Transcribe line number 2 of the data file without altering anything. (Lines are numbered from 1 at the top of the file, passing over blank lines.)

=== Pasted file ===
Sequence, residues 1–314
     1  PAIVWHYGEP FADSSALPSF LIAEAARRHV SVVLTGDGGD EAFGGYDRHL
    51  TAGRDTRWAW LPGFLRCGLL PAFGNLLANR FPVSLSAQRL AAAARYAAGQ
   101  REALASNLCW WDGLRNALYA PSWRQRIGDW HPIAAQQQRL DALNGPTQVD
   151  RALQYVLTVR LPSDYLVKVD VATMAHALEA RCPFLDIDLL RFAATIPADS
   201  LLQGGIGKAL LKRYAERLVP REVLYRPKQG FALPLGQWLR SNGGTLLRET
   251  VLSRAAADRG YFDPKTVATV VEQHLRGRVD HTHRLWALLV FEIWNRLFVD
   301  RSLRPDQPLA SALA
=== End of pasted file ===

     1  PAIVWHYGEP FADSSALPSF LIAEAARRHV SVVLTGDGGD EAFGGYDRHL